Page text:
Designer Casey Sarkin and the homeowner worked together to come up with a concept for a pass-through that leads from the entry to the home office. “We wanted something feminine and unique leading into this more masculine space,” Casey says.
The kitchen is a perfect illustration of the homeowner’s departure from her previously more traditional style. “I wanted everything clean, modern, and more transitional. No fluff, no fuss,” she says. Here, an inset range hood and waterfall countertop play to the contemporary side of the design, while white oak, seen throughout the flooring, island, and decorative beams, adds warmth to an otherwise all-white palette.
Indoor, Outdoor Ease
In keeping with their promise to be very intentional in building this home, the homeowners decided to forego a formal living room, having rarely used it at their previous house. The home centers around one space that holds the kitchen, a casual dining table, and a living room, a space ideal for entertaining but made even more so by the four sets of French doors that lead to an outdoor living space and offer a panoramic view of the valley behind the house. “We worked really hard to coordinate the view through these doors right when you walk in the front door,” Casey says.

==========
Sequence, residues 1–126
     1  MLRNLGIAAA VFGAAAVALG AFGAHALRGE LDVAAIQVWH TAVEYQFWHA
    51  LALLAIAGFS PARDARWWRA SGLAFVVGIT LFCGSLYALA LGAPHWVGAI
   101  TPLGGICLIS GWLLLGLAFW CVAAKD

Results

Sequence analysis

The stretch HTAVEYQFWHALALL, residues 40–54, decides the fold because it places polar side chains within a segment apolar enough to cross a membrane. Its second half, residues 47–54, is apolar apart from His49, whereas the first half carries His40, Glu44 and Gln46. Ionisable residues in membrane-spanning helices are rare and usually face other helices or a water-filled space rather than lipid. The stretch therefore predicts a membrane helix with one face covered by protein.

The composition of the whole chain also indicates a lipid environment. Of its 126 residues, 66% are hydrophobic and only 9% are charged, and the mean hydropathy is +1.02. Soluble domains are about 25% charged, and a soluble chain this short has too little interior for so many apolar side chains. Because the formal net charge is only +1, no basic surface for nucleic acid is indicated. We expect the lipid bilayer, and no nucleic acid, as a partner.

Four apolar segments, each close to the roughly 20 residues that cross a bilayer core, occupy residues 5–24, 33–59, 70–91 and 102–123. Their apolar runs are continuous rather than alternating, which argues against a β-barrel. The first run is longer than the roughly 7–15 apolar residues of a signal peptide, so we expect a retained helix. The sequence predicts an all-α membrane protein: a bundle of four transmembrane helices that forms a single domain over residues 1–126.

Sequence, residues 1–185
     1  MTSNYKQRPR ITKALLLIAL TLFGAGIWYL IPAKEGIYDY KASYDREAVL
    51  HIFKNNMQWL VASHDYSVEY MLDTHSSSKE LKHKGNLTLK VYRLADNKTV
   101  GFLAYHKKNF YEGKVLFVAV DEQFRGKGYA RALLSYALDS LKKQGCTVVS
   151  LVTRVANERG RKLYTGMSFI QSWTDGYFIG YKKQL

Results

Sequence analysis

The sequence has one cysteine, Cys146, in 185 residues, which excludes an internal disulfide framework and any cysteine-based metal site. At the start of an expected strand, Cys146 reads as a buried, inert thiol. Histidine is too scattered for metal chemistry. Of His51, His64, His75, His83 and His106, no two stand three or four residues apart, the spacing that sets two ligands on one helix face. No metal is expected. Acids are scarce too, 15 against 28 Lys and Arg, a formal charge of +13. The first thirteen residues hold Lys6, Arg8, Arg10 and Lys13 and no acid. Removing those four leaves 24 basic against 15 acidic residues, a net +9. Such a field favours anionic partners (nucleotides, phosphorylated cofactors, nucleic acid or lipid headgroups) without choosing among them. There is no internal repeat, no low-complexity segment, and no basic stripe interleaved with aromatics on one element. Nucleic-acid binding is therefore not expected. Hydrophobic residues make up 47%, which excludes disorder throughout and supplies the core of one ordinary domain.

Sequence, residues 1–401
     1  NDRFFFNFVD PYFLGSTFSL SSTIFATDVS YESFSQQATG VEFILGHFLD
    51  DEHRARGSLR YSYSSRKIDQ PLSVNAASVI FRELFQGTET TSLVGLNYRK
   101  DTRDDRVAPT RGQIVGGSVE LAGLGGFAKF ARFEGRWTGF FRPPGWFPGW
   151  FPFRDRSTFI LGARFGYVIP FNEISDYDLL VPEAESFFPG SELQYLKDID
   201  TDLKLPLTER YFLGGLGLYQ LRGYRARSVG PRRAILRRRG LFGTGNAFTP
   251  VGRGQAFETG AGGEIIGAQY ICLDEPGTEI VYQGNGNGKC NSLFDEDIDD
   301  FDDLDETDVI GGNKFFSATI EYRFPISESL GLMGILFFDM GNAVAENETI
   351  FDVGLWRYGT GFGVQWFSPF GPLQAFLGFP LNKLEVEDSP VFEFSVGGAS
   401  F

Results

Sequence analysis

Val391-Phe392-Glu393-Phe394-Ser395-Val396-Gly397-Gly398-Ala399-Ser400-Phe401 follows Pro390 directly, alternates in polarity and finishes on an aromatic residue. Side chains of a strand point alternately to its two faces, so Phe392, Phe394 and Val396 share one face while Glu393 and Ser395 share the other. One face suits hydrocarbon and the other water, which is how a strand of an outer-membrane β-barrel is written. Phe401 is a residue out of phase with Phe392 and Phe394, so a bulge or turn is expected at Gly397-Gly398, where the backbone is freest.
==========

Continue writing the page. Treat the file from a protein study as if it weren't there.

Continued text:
Her Happy Place
When designing the outdoor living area, Casey’s main consideration was how best to highlight the home’s view. “We chose peacock pavers in Rice White so that they were a continuation of the white brick exterior,” she says, noting the consistent palette helps further the notion that this is an extension of the interiors. Outdoor furnishings by Lee Industries provide comfortable seating on either side of a stylish swing. “In the summer, they’re out here all the time, and in the winter, they have blankets and are bundled up,” Casey says. “Sometimes I come over and [the homeowner] doesn’t answer to doorbell, so I know to go on inside and straight to the back, because she’s always out here. It’s just her happy place.”